Boston Red Sox

UPDATE: David Price on 10-day disabled list with left elbow inflammation

UPDATE: David Price on 10-day disabled list with left elbow inflammation

BOSTON — David Price went to the disabled list with left elbow inflammation before his scheduled start Friday. Rick Porcello was moved up a day into Price's slot in the rotation, with Eduardo Rodriguez slated to start Saturday and Drew Pomeranz on Sunday.

Price's elbow is believed to have started to hurt him on the road trip the Red Sox finished on Wednesday, a baseball source said, but it's not 100 percent clear when this present health situation originated. ESPN's Buster Olney reported Price went for an MRI on his elbow Thursday.

The lefty missed two months to begin the season because of an elbow/forearm inury. The nature of that injury was never specificed by the team but was later referred to by Price as a torn elbow.

Robby Scott was recalled from Triple-A Pawtucket to Price's spot on the roster. Price is on the DL retroactive to July 25, the maximum allowable three days that a DL trip can be made retroactive.

The timing of Price's injury is notable because of the controversy surrounding Price and his confrontation with Dennis Eckersley.

The Globe's Dan Shaughnessy first reported Price could land on the DL because of the elbow.

Price can pitch with less rest, but unlikely to go back-to-back before playoffs

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Price can pitch with less rest, but unlikely to go back-to-back before playoffs

BOSTON -- It’s unlikely David Price will pitch in consecutive games in the regular season, and it doesn’t sound like manager John Farrell feels Price needs to do so in the postseason, either.

Nothing is ruled out, however.

“Initially it would be multi-innings,” Farrell said of Price's postseason role. “But if there was an outing in which it was one inning -- that’s not to limit the fact if he felt physically fine the next day, we could possibly use him. But in this final week, it's not an item that’s got to be checked, to get him on back-to-back days.”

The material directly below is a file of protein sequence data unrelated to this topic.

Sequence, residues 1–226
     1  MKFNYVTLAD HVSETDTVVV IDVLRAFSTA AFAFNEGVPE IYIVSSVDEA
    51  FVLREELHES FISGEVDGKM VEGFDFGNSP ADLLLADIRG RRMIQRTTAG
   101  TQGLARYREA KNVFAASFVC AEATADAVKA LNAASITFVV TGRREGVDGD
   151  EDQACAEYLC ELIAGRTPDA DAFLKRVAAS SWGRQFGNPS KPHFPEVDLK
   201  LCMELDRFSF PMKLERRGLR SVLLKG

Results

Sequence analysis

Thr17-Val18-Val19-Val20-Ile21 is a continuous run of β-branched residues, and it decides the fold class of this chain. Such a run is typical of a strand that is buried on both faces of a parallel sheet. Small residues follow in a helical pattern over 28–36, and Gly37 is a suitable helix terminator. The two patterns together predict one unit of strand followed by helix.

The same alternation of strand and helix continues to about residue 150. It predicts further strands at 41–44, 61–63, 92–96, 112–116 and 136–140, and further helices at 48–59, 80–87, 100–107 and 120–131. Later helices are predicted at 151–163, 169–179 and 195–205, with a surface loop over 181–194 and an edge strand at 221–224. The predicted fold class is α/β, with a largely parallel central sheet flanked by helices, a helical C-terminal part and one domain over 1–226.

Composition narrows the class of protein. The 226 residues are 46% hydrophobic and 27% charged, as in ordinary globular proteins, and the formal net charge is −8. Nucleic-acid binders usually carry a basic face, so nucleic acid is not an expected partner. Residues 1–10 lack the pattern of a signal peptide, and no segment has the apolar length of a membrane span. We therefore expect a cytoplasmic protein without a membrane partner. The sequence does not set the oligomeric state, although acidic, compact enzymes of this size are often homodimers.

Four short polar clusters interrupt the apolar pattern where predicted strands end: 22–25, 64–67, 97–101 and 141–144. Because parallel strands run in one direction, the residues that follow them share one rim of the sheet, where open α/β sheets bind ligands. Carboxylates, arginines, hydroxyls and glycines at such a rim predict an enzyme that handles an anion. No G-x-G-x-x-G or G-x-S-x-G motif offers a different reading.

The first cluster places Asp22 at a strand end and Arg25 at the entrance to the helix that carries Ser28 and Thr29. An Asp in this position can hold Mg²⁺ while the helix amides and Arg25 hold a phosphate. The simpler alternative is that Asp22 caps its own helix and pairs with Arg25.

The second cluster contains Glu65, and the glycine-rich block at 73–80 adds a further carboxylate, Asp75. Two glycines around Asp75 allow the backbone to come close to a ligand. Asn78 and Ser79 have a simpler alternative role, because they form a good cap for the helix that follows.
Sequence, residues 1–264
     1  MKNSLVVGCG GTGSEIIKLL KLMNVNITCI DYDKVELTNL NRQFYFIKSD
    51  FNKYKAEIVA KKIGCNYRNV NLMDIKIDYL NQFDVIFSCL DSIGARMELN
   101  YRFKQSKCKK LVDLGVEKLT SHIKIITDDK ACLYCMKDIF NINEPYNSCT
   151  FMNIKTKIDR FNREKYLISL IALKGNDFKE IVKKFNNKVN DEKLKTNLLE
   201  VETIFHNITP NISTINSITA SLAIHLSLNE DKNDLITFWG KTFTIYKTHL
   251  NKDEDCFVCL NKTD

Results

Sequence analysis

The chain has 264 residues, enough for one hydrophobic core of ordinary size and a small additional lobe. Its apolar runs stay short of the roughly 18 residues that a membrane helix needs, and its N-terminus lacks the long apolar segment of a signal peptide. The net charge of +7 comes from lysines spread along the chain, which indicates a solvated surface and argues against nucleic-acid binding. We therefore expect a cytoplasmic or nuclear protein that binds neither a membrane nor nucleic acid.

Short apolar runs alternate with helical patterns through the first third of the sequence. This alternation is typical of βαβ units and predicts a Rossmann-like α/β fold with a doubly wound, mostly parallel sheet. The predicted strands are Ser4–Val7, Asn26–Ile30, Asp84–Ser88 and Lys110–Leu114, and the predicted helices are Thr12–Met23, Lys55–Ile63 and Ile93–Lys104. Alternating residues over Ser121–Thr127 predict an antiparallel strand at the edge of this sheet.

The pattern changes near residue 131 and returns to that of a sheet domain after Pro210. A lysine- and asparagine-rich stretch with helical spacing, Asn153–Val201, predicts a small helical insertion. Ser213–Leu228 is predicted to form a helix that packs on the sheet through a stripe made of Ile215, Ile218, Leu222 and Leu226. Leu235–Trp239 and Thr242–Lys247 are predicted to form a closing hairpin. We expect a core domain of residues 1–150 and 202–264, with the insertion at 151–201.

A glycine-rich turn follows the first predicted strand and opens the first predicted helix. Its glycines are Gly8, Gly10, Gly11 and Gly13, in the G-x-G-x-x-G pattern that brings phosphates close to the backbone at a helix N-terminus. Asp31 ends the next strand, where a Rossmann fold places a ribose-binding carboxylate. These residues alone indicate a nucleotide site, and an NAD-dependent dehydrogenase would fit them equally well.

Farrell said Price can already be used with fewer than four days rest, which is the interval starting pitchers use and is also the amount of rest Price had between his two appearances. Farrell said Price ideally would be used with fewer than four days rest some time this week.

“And you know what, he was available two days after he pitches two innings in Tampa,” Farrell said. “He pitched two innings in Tampa [on Sept. 17], was going to be a minimum of two days down. He was ready to pitch on Wednesday [on Sept. 19] in Baltimore. We got a one-sided game [that day], off-day Thursday. So yeah, I can tell you this right now, he’s ready for a better frequency than four days.”

Yet, at the same time, Price is likely going to have at least three days rest before his next outing. Farrell said he wants to stay away from him Monday.

Farrell said Price's role is usage-dependent.

“Likely wouldn't go to him tonight for another day of rest after 40 pitches [Friday]," Farrell said. "We would only pitch him back to back if there was an outing in which it was 12 pitches or less, and he was available the next night. But I think in the two outings in which he’s pitched, that's probably more the role that I envision. 

“Not to say that couldn't change going forward, but that was a big 2 2/3 innings the other night. It bridged the gap to Addison [Reed] and then to Craig [Kimbrel].”

Farrell on Monday noted that “Price has kind of allowed that bullpen to kind of fall in line a little bit more consistently.” Yet, if Price can’t pitch on consecutive days, that leaves open a question of how things go without Price available in the postseason.

Could the Sox get more out of Price if they pitch him in Games 2 and 3 of the Division Series, with one off-day in between for travel, rather than using him in Game 1? 

Maybe that’s the thinking. Because ideally, the Sox wouldn’t need Price for much length in a game Chris Sale starts, and Sale’s obviously going to be the Game 1 starter.

Yankees' Aaron Judge ties and breaks rookie HR record with 49th, 50th

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Yankees' Aaron Judge ties and breaks rookie HR record with 49th, 50th

By Craig Calcaterra, NBCSports.com's Hardball Talk

Yankees outfielder Aaron Judge made history today, hitting his 49th and 50th home runs, tying and then breaking the rookie record previously held by Mark McGwire of the Oakland Athletics.

Judge’s first dinger came in the third inning of this afternoon’s Royals-Yankees tilt. It was the sixth pitch from Jake Junis and left via right field. His second came in the bottom of the seventh against Trevor Cahill.

McGwire set his record in 1987, needing 151 games to do it. Judge hit his 50th in his 150th game of the season. He has five more games after today to add to that mark. Through his latest at-bat in this game, Judge is hitting .283/.417/.620 on the year with 50 HR, 108 RBI, 124 runs scored and 119 walks. Given Judge’s strong finish to the season, the AL MVP race should come down to a contest between him and Jose Altuve. It’s hard to argue against either one.